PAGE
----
1. A shallow rectangular container of sheet material comprising a body member and a cover member, each having front, rear, and side walls integrally formed with a top and bottom wall, respectively, the rear wall and the immediately adjacent sections of the side walls of the body member having a portion equal in height to the maximum height of the remaining sections of said side wall, said cover member fitting snugly over the body member with its front, rear, and side walls overlapping, at least in part, the corresponding walls of the body member with the edges of portions of the body walls of maximum height abutting the top wall of the cover member, a pivotal connection between themembers to permit relative swinging movement thereof about a horizontal axisadjacent said rear walls, which connection consists of mating nodes and elongated recesses formed in the side walls of the two members adjacent the rear Walls thereof, said recesses each extending from a point adjacentthe rear end of the upper edge of a side wall of the cover member forwardly towards the front end and downwardly to a point adjacent the lower edge of said side wall, and said nodes being each located adjacent the rear end of the upper edge of a side wall of the body member, whereby when said container is open said nodes are positioned adjacent the lower ends of said recesses and the application of pressure to the members to close the container moves the nodes towards the upper ends of the recesses, thereby guiding the members into proper closing alignment, said nodes being positioned adjacent the upper ends of the recesses when the container is closed.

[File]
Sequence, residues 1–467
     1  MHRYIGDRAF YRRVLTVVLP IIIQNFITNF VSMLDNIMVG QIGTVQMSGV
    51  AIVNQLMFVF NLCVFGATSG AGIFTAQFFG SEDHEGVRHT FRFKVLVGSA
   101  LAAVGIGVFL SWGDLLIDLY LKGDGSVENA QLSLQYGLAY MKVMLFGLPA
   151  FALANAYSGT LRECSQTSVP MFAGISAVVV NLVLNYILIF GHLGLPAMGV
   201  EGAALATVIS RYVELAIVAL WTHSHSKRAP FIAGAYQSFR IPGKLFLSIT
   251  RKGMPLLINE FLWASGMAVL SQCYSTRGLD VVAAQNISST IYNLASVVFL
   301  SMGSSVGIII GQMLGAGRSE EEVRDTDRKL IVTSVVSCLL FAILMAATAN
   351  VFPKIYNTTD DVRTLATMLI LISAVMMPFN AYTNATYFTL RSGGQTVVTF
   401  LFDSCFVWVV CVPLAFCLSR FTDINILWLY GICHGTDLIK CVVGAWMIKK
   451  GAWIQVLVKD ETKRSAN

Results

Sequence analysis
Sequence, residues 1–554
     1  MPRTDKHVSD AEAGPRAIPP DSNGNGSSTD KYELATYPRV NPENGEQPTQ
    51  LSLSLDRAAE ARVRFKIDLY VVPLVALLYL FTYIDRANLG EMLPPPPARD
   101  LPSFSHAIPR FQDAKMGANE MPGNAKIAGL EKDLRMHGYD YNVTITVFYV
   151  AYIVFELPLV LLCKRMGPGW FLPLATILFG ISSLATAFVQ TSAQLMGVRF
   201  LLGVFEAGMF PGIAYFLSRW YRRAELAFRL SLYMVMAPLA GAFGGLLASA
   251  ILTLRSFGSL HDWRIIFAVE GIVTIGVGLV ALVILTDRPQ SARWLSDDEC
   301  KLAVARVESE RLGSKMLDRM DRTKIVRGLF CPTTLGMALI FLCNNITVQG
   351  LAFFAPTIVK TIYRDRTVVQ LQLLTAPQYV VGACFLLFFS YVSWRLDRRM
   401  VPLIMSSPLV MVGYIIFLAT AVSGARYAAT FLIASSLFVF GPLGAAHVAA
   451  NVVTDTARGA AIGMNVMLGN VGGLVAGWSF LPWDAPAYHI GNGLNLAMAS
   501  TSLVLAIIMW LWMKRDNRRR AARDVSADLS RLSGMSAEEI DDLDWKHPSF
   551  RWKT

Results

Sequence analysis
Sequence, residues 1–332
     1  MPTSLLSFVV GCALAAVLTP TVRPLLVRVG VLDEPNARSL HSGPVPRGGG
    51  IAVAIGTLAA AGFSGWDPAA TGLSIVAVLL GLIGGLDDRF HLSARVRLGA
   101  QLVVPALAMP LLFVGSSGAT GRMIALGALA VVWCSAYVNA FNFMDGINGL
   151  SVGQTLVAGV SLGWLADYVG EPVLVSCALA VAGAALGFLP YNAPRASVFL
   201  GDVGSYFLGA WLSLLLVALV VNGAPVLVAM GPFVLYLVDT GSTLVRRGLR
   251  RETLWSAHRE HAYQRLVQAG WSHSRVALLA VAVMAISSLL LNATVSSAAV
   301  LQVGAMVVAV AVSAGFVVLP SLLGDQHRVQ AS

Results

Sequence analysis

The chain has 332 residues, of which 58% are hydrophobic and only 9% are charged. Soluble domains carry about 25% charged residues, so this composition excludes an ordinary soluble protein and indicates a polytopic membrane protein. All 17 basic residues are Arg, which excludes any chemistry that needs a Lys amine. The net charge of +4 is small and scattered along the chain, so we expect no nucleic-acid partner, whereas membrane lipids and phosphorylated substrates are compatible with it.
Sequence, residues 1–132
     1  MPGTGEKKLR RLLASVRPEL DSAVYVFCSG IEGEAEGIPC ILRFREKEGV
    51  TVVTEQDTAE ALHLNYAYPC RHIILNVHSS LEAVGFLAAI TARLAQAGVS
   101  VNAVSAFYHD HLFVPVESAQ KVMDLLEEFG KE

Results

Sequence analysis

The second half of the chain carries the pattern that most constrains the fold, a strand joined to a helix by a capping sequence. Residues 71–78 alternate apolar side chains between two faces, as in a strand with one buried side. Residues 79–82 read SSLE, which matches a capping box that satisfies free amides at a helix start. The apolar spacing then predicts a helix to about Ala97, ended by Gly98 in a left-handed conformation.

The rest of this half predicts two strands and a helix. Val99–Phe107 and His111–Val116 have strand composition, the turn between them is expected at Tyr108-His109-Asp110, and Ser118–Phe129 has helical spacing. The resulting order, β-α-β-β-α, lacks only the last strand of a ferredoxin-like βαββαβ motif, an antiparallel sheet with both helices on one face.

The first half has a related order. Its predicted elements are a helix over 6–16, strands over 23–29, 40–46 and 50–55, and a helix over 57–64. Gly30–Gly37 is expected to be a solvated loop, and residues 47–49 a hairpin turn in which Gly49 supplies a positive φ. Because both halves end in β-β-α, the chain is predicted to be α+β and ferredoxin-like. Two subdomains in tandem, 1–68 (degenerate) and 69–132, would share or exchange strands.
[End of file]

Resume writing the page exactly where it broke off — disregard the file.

2. The container of claim 1 wherein said members include opposing external projections which are adapted to be engaged to facilitate opening thereof.